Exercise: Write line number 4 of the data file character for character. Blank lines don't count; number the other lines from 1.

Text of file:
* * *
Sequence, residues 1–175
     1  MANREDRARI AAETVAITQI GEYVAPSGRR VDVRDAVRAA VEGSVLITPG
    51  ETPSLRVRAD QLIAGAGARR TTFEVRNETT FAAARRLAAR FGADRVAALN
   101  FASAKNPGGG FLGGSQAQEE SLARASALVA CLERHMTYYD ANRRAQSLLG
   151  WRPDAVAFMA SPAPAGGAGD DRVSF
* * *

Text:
   101  FASAKNPGGG FLGGSQAQEE SLARASALVA CLERHMTYYD ANRRAQSLLG